Abundant consolation… to whom? “To all that sincerely obey the gospel.” So then, who gets consolation? Nobody. Nobody, that is, who knows their own heart.

And to be fair to the Reformed, the Lutherans are guilty too. I’ve visited a conservative Lutheran Church (Missouri Synod) the last couple of weekends, and sure enough, the confession and absolution in the liturgy has us reciting

I, a poor, miserable sinner, confess unto You all my sins and iniquities with which I have ever offended You and justly deserve Your temporal and eternal punishment. But I am heartily sorry for them and sincerely repent of them… [L.S.B. 184]

Really now? Am I even able to know all my sins, let alone confess them heartily, and sincerely repent? The introspective Christian will soon fall into a fearful doubting of their salvation, for these adverbs describe someone whose piety is nothing short of miraculous.

But But, Doesn’t the Bible Say…

Now some of you know your Bibles, and are thinking of certain passages that speak of our “sincere love of the brethren” (1 Pet. 1:22), and even of Jesus’ warning in Matthew 18:35 that we will not be forgiven if we do not forgive our brother… “from the heart” – or as we say, “sincerely.”

I hear these passages too, and must wrestle them in my adverb-prone, wanna-be piety. Am I forgiving my brothers “from my heart?” Probably not, or at least not all the time, perfectly, without flaw. Yes, I forgive. Yes, I love the brethren – even sincerely – but the point of these and other passages is not to call our attention to our own degree of piety and perfection in our performance. These calls to inward sincerity and even perfection are there because God can command nothing less. His pure and perfect nature necessitates His commands to us be pure and perfect – even superfluously pure.

The Ultimate Standard

As Jesus was wrapping up section one of His Sermon on the Mount, He declares “Therefore you shall be perfect, just as your Father in heaven is perfect” (Matt. 5:48 NKJV). How you doing on that? The reality for the Christian is that we live in tension, falling short of the Law of God and His holy perfection, and our full, complete acceptance by Him because of Christ. There is nothing of ourselves added into our plea before God. It is not “Jesus lived and died for me, and then I did everything I could to live for you” – can I say this? HELL NO. Pun intended.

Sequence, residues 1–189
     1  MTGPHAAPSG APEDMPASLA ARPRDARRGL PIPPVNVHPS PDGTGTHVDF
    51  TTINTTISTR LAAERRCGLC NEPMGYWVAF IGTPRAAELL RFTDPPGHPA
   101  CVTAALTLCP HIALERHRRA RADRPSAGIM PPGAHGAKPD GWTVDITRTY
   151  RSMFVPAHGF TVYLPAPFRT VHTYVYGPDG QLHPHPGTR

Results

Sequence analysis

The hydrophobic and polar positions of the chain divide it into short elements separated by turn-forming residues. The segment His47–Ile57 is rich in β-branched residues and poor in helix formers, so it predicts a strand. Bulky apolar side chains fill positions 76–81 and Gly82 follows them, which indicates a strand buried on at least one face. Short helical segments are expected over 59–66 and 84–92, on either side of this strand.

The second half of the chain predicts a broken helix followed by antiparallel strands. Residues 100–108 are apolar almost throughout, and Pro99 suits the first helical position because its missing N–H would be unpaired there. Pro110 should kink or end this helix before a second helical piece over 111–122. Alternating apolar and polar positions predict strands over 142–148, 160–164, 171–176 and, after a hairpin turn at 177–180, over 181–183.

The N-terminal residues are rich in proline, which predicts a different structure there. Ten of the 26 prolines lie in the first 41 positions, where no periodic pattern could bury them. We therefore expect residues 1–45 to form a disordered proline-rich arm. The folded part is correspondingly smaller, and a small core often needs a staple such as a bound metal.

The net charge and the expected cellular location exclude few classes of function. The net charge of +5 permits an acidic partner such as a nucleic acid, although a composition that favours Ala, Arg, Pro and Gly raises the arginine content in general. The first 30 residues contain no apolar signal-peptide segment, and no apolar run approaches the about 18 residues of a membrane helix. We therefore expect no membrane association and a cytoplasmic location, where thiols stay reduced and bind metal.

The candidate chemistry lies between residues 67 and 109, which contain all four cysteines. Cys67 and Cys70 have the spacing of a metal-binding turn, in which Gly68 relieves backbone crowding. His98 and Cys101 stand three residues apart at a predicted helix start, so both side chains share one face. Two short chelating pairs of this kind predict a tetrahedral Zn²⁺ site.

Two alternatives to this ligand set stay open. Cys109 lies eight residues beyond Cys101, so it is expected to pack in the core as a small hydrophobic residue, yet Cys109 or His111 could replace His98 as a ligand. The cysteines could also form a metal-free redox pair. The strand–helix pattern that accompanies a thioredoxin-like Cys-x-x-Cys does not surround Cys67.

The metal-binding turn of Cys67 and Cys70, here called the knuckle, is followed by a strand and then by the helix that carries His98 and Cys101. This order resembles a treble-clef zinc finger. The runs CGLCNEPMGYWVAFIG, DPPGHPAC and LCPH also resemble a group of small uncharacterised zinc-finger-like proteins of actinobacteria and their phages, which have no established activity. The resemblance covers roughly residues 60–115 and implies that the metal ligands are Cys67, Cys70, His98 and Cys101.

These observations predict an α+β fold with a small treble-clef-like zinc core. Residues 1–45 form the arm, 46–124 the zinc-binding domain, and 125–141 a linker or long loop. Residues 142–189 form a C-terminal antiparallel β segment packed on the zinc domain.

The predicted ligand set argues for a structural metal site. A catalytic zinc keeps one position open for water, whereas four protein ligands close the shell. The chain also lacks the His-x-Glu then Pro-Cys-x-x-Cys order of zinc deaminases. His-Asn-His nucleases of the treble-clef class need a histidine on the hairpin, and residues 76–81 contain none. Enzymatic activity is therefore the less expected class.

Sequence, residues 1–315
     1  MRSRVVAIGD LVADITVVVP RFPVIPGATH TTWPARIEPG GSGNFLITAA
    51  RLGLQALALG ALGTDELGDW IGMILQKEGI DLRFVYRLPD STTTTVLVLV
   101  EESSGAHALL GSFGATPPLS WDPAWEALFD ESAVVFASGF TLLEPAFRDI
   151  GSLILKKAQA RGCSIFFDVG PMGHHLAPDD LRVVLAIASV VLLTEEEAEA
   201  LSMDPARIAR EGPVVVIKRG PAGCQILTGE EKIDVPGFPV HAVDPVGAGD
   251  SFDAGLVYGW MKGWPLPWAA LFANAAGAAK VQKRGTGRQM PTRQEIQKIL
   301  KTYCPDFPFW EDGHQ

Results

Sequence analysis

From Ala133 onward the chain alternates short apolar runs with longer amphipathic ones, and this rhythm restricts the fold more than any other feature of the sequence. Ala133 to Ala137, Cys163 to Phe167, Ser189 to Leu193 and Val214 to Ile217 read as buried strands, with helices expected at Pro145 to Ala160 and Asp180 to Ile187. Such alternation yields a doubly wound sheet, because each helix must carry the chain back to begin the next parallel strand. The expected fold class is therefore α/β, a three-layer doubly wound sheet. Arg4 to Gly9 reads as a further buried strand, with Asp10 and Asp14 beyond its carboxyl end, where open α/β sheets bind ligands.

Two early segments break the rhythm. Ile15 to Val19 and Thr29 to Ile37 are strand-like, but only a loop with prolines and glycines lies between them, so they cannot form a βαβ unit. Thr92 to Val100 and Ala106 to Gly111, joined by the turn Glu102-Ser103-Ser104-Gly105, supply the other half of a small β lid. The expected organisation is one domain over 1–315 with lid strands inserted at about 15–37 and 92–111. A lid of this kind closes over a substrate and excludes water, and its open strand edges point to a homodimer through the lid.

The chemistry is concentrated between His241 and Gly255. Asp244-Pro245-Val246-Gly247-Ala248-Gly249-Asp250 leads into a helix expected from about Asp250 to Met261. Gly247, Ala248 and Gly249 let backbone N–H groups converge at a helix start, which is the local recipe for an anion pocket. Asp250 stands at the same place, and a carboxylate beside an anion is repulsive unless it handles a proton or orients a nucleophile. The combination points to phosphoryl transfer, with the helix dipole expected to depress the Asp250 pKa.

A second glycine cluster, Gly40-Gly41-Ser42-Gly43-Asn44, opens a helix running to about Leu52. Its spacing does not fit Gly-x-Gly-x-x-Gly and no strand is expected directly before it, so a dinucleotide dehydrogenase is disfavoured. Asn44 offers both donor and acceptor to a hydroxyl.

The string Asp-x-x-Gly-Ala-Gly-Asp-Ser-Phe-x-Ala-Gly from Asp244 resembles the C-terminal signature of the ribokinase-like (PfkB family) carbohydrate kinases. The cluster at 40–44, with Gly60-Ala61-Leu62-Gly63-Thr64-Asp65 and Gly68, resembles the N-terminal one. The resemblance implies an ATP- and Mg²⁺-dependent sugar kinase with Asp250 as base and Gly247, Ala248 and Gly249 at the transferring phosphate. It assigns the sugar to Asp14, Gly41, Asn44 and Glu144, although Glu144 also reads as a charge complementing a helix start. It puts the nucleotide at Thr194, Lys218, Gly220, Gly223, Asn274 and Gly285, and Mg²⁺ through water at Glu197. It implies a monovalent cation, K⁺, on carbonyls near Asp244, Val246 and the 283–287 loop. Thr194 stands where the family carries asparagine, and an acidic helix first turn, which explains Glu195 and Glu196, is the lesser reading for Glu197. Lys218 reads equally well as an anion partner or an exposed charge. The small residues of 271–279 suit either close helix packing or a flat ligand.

Rather than that, it is “Nothing in my hands I bring, simply to the cross I cling.”

The Christian life is a massive struggle to rest. It’s a paradox, striving to rest… in the striving and works of Christ on our behalf. Striving to believe God’s Word about His Son and His gospel. The only way any of us will be counted as being perfect, just as our Father in heaven is perfect, is by having trusted in the gospel of Christ, and having therefore rested our adverb-prone piety at the foot of a bloody, splintered cross.

We are only able to begin to obey the Lord out of a place of sincere self-knowledge. I’m totally unable to forgive people sincerely – I need the grace of the Holy Spirit to enable this act, only made possible by having eyes on Jesus; His forgiveness of me, His pure love, His absolute graciousness to His people…

As go our adverbs, so go our trust and faith

The only adverbs we can believe in concerning this Christian life describe the fullness of our sinfulness and neediness, and on the other side, the perfection of God’s work on our behalf. I fully need the forgiveness of God. He sincerely forgives me for Christ’s sake.

If we begin to describe ourselves with adverbs of positive fullness (which should be reserved for describing God alone), our trust and faith is inadvertently placed in ourselves, and our assurance and joy will die with our realization of how insincere and half-hearted our repentance and faith truly are. WATCH OUT!

Repent of your adverbs describing yourself in positive fullness, friends. Trust in Christ alone for your needed standing before God. He justifies fully. He is enough.

Thanks for reading,

-Justin

Tuesdays with Uncle Athanasius: Why is Repentance Not Enough to Save Us?

AthanasiusAthanasius (c.297-373), my favorite early church father, fought heretics with all of his soul. I am brought to tears reading his glorious writings. Please indulge with me each Tuesday, as we cozy up at the feet of Uncle Athanasius.

Uncle Ath?

Yes, kids?

Is repentance all it takes to be turned back from our corruption in sin, or was something more necessary?

Well,